U.S. Capitol building in Washington, D.C.
Seven Michigan Republicans have filed a lawsuit against the state’s redistricting commission, arguing that the recently approved congressional maps are “non-neutral,” “arbitrary,” and disregard community boundaries.
The suit asks a judge to order the commission to redraw the congressional districts so that fewer counties are broken up by district boundaries.
It’s the second lawsuit challenging the new districts. A dozen Black lawmakers and leaders from metro Detroit sued the commission
last month, saying the maps are racially discriminatory and violate the Voting Rights Act.
According to the Republicans’ lawsuit, the 13 congressional district broke up 15 of Michigan’s 83 counties, including Oakland, which was split up into six separate congressional districts.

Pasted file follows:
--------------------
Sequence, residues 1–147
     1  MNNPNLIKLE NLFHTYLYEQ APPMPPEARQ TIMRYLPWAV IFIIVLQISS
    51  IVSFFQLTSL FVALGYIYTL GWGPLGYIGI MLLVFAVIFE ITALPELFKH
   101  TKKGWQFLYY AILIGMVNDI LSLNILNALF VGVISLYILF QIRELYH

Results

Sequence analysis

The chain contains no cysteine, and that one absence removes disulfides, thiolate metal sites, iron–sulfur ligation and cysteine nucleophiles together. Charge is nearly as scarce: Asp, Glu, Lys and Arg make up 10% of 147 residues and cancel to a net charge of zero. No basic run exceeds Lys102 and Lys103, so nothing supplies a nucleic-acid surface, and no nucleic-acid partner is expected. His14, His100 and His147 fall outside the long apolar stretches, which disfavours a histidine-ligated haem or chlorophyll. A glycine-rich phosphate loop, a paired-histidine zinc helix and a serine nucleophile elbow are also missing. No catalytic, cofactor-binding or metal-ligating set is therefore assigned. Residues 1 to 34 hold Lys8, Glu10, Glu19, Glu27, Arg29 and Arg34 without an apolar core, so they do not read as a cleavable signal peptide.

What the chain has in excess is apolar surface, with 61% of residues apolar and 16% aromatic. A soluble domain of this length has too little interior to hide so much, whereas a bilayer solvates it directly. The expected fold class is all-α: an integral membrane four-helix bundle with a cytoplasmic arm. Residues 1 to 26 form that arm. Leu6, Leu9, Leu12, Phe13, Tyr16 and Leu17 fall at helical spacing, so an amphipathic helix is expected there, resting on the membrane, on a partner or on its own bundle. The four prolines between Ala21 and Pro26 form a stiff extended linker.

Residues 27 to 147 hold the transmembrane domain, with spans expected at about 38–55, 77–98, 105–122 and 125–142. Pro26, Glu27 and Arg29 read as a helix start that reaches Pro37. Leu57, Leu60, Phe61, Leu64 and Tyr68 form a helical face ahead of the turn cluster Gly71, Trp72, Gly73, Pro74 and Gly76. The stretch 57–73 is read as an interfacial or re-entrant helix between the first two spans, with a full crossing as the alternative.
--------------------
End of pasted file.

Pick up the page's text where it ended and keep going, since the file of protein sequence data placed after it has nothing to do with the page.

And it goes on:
“This is evidence that the commissioners did not apply its criteria in a neutral and consistent manner but rather in an inconsistent and arbitrary manner,” the lawsuit states.
The lawsuit argues that the maps violate the 14th Amendment’s equal protection clause and the U.S. Constitution’s “one person, one vote” principle. Republicans also claim the maps violate the 2018 constitutional amendment that created the redistricting commission.
The impetus for that constitutional amendment was decades of gerrymandering that gave Republicans a political advantage.
Some of the Republicans who filed the lawsuit are state Rep. Beau LaFave, of Iron Mountain; former state Rep. Joe Graves, of Linden; former congressional district candidate Harry Sawicki; and Mike Banerian and Cameron Pickford of the conservative Michigan Freedom Fund.
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